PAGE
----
Few States Respond to High School Summit, Strange Bedfellows Against NCLB, and Vouchers (National News)

Thirteen States Ain't Many: Thus far, at least, the state and national response to the high school crisis has been pretty underwhelming: More than a dozen states agree to raise high school standards (SD Union Tribune), Governors of 13 States Plan to Raise Standards in High Schools (New York Times), States Take Steps to Put More Rigor Into High Schools (EW), and Next Up, High Schools? (CSM) -- especially compared to estimates of what it would really take to revamp high schools: Plan Offered on U.S. Aid for High Schools (EW).

Anti-NCLB Bedfellows: Meanwhile, the effort by the NCLS and others to pile on against NCLB has created some strange bedfellows and twisted arguments. As the Washington Post points out, there is more than a little irony in the near-simultaneous rollout of the NCSL report and the Governors’ summit on high schools: Two Messages on Education (Washington Post).

But that's not all. True to form (and thankfully humorous), Mike Antonucci of the EIA mocks the NEA for its knee-jerk endorsement of the NCSL report (and the many Republican lawmakers who endorsed it): Fair Weather Federalists. To top it all off, add the Cato Institute to the list of anti-NCLB bedfellows: Education Law Encourages Fuzzy Math (Cato Institute).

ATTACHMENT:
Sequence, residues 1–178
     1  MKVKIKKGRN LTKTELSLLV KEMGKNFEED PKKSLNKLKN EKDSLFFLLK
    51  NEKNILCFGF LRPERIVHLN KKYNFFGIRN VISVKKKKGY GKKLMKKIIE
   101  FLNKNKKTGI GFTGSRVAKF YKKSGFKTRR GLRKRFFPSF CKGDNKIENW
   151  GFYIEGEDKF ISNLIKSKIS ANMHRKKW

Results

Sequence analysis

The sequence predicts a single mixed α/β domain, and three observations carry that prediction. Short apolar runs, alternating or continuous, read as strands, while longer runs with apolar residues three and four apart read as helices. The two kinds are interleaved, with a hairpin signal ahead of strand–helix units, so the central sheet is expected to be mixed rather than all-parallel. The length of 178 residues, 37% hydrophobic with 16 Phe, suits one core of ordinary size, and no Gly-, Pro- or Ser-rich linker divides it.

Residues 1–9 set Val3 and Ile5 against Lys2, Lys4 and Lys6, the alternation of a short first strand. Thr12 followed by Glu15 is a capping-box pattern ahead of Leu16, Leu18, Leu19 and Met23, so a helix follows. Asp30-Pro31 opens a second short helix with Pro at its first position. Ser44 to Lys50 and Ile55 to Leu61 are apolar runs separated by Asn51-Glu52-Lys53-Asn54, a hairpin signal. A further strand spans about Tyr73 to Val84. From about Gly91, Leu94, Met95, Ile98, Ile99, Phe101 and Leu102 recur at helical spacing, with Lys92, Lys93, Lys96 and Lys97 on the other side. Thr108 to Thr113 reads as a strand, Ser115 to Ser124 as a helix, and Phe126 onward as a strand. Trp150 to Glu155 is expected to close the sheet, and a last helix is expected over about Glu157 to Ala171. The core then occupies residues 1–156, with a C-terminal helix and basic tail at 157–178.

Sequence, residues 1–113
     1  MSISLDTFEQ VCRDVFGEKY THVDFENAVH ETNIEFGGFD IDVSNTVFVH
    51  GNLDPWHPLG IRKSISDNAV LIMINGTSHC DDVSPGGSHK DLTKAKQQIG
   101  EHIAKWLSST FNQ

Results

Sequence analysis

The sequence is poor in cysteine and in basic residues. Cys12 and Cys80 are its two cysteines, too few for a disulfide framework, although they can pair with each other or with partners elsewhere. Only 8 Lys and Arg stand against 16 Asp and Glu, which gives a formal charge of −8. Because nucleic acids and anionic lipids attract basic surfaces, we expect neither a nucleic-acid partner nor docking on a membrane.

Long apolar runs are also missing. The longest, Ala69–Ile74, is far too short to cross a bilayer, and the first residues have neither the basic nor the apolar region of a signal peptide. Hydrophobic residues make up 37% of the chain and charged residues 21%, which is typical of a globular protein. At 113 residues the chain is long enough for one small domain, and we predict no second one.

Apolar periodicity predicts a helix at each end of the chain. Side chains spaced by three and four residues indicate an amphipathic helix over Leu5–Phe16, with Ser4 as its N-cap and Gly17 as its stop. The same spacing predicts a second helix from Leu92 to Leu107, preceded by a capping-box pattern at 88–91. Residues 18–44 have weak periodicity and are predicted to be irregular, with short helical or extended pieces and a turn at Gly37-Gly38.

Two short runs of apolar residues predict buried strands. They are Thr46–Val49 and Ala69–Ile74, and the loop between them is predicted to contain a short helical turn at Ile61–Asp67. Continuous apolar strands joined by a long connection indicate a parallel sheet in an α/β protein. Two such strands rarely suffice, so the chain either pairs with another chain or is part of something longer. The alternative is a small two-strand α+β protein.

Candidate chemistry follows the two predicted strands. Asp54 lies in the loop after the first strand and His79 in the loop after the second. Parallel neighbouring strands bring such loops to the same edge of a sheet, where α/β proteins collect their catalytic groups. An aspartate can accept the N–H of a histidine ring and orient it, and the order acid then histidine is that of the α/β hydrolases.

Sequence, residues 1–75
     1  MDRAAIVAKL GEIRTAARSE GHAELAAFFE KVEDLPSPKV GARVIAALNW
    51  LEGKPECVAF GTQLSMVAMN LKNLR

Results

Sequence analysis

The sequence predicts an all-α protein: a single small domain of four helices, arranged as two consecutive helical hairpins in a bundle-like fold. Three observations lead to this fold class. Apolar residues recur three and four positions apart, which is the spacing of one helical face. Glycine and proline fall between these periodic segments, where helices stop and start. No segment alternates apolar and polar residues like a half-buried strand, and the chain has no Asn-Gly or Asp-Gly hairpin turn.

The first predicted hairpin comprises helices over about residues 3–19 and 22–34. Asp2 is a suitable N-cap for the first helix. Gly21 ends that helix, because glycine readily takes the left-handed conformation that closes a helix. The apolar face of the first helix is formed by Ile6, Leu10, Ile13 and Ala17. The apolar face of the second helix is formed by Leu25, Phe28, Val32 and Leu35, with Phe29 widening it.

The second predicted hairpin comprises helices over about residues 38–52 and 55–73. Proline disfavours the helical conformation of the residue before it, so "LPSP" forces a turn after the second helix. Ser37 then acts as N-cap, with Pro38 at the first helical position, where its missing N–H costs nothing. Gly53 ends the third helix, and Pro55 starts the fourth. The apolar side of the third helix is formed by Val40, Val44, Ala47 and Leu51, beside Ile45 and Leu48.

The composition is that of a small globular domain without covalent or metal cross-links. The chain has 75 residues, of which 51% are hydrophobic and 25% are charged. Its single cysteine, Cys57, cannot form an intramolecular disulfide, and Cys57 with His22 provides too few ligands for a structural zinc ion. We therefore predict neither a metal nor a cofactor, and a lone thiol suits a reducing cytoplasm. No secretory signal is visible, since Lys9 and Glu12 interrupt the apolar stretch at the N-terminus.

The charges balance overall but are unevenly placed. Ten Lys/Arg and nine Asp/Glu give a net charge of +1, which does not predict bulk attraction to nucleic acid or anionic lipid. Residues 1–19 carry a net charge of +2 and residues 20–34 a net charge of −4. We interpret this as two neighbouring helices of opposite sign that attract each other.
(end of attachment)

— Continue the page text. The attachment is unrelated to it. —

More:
Slow To Respond: The Achievement Alliance (a pro-NCLB network including Citizens’ Commission on Civil Rights, Just for the Kids/National Center for Educational Accountability, The Education Trust, and Business Roundtable) put out a strongly-worded (and woefully belated) rebuttal saying that the NCSL recommendations would:
“loosen accountability for our most vulnerable groups…whose schools are -- too often -- inadequately funded by their states, and whose teachers are – too often -- inadequately educated and trained."

Fine. But they're going to have to come up with something more quickly if they want to get into the news cycle next time.

What About Vouchers? While everyone's focused on high schools and NCLB, could it be that vouchers are a hot topic in state legislatures? It sure sounds like it from the Gadfly and others that are disposed towards vouchers: Vouchers, vouchers everywhere, but… (Gadfly ), and Choosing choice (National Review Online). Indeed, the Heartland Institute suggests that some would abandon NCLB in favor of vouchers and tuition tax credits: Fine-Tune NCLB, or Go Boldly for Choice? And in Chicago the Sun-Times wonders whether vouchers might have helped keep more Catholic schools open: Could vouchers have helped?. Don't forget about the Bush voucher plan, either: Bush again pushes vouchers (Oakland Press).

Best of the Rest:

The Textbook Adoption Mess DA
Bush spotlights 2-year schools The Washington Times
ETS to Enter Formative-Assessment Market at K-12 Level EW
Opinion: Charter Colleges Richmond Times Dispatch
Board backs off universal kindergarten Concord Monitor
Moving into Kindergarten:National Center for Learning Disabilities
Perata flunks teachers union loyalty test via EIA
Paper pied piper of education turns 10 CNN
Budget pigs Gadfly
OSEP SHAKE UP!! via EducationNews.org


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